Challenging existing pathological representations of LGBTQIA+ lives & countering historical violence & discrimination, in mental health practice
At MHI, we strive to challenge dominant constructs around gender and sexuality, support more LGBTQIA+ groups — and queer mental health itself. There is a largely violent history and legacy of psychiatry with LGBTQIA+ persons. The Diagnostic & Statistical Manual (DSM) of Mental Disorders pathologised marginalised sexualities and genders by calling them sexual perversions, sexual orientation disturbance, transexualism and gender identity disorder. Psychiatry mirrored prevailing social norms and was complicit in excluding, discriminating against and oppressing LGBTQIA+ communities.
We believe that this complicity and oppression necessitates anti-oppressive therapeutic practice. We have been working on a rights-based, queer-affirmative approach to mental health. We do this in a few ways. One program works with mental health practitioners — a certificate course on how to be queer affirmative in counselling practice.
We also work with LGBTQIA+ collectives because peer support is powerful and absolutely necessary. Schools and colleges are an arena where gender and sexuality is monitored and controlled so it is another focus area where we run training programs for both students and faculty members. Finally, we fund LGBTQIA groups for their mental health programs.
Queer Affirmative Counselling Practice
Recognising the need for affirmative, non-discriminatory, anti-oppressive mental health care services for those from marginalized sexualities—MHI initiated Queer Affirmative Counselling Practice (QACP), a six-day training module for mental health practitioners. QACP enables mental health professionals to reorient themselves to an anti-oppressive therapeutic practice. The training covers both perspective building to recognise inequalities and their impact on mental health and also provides tools and techniques to address distress and promote well-being of LGBTQ persons. Over 100 mental health practitioners across three cities have been trained thus far. A national residential version of the course was offered in Mumbai in partnership with Tata Institute of Social Sciences.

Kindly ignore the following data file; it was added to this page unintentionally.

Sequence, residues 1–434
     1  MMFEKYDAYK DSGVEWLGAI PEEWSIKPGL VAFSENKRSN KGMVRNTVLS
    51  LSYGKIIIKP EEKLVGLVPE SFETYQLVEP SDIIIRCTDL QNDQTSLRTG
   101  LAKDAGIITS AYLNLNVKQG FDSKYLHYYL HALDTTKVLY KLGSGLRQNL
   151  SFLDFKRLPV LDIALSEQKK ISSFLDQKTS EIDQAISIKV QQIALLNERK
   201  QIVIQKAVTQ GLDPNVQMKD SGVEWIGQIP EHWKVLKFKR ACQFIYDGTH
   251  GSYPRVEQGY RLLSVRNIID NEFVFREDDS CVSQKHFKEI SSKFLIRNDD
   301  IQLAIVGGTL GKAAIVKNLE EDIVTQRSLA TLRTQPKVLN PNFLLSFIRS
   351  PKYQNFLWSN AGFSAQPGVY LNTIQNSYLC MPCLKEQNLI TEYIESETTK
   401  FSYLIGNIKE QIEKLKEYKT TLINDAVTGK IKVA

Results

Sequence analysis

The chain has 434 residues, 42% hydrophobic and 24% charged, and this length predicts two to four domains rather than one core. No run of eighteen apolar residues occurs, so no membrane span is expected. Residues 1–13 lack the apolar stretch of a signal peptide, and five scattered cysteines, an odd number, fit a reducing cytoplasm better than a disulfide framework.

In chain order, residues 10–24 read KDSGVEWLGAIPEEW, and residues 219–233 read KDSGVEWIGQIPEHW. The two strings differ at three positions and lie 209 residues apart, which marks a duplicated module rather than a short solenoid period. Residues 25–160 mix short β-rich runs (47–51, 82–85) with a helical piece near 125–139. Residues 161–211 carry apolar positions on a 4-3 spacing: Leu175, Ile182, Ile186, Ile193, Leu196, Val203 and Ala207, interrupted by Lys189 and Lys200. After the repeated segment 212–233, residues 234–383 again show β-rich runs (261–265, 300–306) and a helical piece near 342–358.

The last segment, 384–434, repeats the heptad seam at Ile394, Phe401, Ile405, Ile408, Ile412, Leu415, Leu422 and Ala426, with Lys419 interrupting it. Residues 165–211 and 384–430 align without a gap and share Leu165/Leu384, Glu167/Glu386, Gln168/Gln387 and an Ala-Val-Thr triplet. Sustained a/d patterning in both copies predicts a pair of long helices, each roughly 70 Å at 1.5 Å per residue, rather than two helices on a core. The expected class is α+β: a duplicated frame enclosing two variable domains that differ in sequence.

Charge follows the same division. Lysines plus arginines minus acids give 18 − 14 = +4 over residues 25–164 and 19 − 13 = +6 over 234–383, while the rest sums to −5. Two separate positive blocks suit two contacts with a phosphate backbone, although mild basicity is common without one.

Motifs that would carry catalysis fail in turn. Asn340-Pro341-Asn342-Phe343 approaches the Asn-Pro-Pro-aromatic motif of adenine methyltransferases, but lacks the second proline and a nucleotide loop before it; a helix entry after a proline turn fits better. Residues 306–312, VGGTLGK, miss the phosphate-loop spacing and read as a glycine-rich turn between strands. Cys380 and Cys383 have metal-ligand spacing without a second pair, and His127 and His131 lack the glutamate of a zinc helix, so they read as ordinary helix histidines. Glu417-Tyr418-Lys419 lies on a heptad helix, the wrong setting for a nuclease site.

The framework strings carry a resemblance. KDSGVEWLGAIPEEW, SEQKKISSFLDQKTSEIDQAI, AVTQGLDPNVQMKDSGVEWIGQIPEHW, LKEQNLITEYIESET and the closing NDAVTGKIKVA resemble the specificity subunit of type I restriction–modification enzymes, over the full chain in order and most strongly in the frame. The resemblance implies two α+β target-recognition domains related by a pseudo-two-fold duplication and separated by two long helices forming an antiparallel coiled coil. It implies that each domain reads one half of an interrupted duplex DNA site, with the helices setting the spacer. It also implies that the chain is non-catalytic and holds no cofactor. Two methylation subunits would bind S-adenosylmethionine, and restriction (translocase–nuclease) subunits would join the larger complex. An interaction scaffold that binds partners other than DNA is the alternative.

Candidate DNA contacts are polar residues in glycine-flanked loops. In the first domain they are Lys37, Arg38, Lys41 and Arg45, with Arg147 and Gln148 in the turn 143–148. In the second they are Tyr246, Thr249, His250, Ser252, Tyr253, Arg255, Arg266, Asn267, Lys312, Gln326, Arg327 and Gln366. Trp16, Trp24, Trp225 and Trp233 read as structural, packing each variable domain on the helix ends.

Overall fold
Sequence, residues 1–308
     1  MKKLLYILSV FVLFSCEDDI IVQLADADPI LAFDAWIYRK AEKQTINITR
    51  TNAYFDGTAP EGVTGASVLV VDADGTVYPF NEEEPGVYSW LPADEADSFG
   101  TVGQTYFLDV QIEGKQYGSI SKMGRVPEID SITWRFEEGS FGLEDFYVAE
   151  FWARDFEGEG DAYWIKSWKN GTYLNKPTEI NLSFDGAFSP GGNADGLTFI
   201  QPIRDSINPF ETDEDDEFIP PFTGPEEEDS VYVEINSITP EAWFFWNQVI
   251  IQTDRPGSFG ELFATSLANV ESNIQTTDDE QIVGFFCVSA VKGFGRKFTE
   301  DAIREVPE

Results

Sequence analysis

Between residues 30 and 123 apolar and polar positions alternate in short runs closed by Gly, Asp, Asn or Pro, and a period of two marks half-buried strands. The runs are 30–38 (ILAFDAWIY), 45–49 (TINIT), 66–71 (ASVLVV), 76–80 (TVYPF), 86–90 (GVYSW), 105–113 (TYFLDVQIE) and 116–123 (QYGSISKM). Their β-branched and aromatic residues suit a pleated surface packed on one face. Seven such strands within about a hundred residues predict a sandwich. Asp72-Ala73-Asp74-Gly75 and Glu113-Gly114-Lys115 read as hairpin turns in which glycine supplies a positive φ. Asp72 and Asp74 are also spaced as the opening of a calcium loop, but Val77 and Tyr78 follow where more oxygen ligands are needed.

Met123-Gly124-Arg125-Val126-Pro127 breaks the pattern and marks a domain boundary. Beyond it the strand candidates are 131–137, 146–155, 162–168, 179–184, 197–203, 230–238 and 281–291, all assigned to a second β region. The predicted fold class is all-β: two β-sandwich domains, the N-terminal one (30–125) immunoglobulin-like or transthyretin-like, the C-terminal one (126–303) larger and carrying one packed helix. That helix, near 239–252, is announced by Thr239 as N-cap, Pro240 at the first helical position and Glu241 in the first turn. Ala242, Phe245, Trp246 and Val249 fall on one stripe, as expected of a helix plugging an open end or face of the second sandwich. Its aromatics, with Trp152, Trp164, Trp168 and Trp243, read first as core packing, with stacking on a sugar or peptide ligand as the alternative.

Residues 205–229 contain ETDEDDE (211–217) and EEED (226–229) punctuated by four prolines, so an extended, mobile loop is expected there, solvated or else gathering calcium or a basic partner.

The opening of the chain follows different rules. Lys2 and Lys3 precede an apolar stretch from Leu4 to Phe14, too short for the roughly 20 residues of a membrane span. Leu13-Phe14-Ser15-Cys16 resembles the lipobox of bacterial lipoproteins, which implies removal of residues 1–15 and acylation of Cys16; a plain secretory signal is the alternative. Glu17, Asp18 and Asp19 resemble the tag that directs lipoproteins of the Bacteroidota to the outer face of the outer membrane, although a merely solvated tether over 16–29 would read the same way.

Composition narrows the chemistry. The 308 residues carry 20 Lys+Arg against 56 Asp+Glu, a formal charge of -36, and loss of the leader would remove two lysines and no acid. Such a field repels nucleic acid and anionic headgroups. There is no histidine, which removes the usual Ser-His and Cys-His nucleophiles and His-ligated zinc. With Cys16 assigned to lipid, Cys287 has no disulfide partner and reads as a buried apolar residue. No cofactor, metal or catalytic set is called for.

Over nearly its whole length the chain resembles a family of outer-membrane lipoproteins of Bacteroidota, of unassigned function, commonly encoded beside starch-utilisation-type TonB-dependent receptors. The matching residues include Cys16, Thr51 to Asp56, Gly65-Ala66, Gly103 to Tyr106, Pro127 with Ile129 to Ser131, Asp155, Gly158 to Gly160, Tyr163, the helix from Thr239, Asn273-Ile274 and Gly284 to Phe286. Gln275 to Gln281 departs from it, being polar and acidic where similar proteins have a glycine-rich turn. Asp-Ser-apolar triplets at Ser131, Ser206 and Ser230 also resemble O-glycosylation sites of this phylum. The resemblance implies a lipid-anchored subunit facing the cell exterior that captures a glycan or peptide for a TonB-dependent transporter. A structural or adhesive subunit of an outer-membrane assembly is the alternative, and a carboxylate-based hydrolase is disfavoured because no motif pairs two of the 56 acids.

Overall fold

“At MHI, we strive to challenge dominant constructs around gender and sexuality, support more LGBTQIA+ groups — and queer mental health itself.”
Peer Support Practice
Peer Support Practices (PSP), uses knowledge from the margins, highlights good practices & ethics, and challenges a top-down hierarchy of psy-expert/clinical paradigms in important ways. PSP claims experience and lived reality as valid knowledge that often doesn’t get represented in mainstream ‘expert-led’ practice. MHI is partnering with queer collectives and organisations that have been providing invaluable support to individuals for decades. The PSP module borrows from mental health practice skills to work with support seekers and ethics around power & boundary setting.
Gender, Sexuality and Mental Health from the Margins
Gender, Sexuality and Mental Health from the Margins (GSMHM) is part of MHIs’ LGBTQIA mental health initiatives that uses a workshop format to take a closer look at the fundamentals of sexuality and gender, from the lens of marginalised genders and sexualities. GSMHM workshops are conducted in colleges and similar educational institutions and aim to sensitise teachers and other stakeholders, enabling them to become more affirmative and inclusive.